I looked up a psychiatrist in the phone book. I like his name. His name was Dr. Beedle. So I gave him a call, got an appointment and went in. I happened to be fairly manic at the time. And he was very funny. He just let me talk and talk and talk and talk and talk, until he finally said to me, "Has anyone ever mentioned the word 'mania' to you?" And I'm like, "Well, I've heard the word. What are you talking about?" He got me to describe the mood swings, which had never really been discussed before in all of my previous therapy and psychiatry. People had always focused on the eating disorder. It's understandable — it was a very severe eating disorder. It's not like you can blame them for being concerned. The association usually made with eating disorders is that you have depression. That is an unfortunate thing, because there are great many people with bipolar disorder who are misdiagnosed with depression, as I was, and then put on medication that makes them manic. So when I met this doctor, and he diagnosed me, it was a very strange moment. Simultaneously, he described, this is what bipolar is, and asked, "Does this sound familiar?" And boy did it sound familiar! It sounded like my entire life.

What do you do now to keep on track?

I take my meds. Number one, two, three, four and five is that I take my medication.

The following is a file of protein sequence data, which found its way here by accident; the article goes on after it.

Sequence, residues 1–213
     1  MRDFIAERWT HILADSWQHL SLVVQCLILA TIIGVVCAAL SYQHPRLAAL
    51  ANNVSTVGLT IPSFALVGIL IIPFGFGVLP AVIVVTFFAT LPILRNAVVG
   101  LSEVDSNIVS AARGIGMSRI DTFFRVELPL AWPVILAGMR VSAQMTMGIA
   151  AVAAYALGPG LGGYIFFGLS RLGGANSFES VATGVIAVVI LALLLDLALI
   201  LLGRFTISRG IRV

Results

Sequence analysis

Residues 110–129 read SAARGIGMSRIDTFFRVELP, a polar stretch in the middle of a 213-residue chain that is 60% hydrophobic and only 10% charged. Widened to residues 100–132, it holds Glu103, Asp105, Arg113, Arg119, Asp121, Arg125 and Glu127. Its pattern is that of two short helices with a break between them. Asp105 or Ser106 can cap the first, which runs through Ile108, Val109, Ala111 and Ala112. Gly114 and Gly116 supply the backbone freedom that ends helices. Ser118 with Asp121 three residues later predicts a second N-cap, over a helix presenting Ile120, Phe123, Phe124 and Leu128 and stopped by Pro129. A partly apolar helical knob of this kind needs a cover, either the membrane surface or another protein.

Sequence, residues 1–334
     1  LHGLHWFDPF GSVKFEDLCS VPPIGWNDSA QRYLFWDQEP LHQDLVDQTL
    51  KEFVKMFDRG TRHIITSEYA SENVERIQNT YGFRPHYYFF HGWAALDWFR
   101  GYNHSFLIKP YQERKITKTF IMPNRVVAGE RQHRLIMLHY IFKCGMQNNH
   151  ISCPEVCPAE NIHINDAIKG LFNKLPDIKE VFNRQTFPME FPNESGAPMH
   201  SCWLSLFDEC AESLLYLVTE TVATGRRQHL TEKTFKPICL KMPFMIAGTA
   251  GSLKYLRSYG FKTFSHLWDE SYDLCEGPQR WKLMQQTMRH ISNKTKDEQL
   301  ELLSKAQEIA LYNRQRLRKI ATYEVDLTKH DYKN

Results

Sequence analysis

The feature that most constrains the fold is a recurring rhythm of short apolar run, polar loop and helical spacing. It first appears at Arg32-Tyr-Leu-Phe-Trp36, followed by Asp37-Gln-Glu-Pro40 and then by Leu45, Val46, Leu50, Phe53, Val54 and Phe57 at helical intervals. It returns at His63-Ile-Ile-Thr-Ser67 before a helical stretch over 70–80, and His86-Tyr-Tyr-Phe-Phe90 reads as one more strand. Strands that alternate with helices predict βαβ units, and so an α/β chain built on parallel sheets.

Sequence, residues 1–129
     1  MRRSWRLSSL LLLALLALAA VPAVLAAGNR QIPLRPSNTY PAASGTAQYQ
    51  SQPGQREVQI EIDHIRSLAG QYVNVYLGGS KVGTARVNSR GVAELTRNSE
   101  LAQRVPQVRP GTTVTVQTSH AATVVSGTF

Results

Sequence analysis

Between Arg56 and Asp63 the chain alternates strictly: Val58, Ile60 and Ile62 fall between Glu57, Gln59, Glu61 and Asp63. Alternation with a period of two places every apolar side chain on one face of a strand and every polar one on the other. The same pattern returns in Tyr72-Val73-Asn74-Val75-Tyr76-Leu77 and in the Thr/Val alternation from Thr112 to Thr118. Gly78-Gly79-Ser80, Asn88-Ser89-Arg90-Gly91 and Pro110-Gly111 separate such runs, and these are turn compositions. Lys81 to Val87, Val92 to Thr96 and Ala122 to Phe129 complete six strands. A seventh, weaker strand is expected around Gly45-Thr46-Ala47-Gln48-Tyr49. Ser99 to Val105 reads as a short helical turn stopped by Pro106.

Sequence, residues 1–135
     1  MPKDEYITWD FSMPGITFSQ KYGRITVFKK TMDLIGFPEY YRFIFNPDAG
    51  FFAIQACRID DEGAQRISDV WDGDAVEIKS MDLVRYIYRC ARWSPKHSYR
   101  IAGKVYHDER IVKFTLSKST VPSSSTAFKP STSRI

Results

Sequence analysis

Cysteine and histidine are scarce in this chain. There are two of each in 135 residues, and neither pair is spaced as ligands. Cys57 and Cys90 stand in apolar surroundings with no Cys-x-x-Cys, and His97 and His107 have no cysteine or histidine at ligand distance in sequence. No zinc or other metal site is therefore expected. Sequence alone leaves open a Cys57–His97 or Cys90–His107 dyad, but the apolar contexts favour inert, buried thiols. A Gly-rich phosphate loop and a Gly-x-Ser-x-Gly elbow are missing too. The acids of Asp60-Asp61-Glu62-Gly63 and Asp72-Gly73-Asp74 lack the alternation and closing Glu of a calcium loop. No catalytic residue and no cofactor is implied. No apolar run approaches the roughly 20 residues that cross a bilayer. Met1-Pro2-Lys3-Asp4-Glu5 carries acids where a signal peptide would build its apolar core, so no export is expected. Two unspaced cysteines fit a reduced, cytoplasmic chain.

Do you still have problems with your bipolar disorder, or do you feel as though it's completely under control?

Oh, Lord, yes. It's a day-to-day thing. I have a type of bipolar that swings up and down all day long. There are significant mood swings within a day, within a week, within a month. I go through at least four major episodes a year. That's really the definition of bipolar rapid cycle. But I have ultra-rapid, so I have tiny little episodes all day long. So the management of it makes it entirely possible for me to live at a highly functional level, to have great relationships, to have a wonderful marriage, to do my work very effectively, most of the time. And then there are the times when I can't.

If you could be ordinary, without bipolar disorder, would you choose that?

Oh, yeah. (Laughs.) I absolutely would. I think many people with a chronic illness would prefer not to have their chronic illness, simply because it's high maintenance. With a mental illness, it's confusing. It's disorienting. It's profoundly psychologically affecting. It affects your identity. It affects your feeling about who you get to be in society, because there is an enormous stigma attached to it. I don't think anyone would choose to be associated with something that many people see as helpless, hopeless, freakish. However, the flip side of that is having this illness has really forced me to become extremely responsible. It also really forces me to be very, very conscious of other people. It may have given me, not some super-special empathy, but a certain amount of empathy. It isn't hard for me to imagine other people in trouble. I'm not real judgmental because of it, I think. And like any big challenge in a life, it strengthens you. I think I've gotten a little toughened up because of it.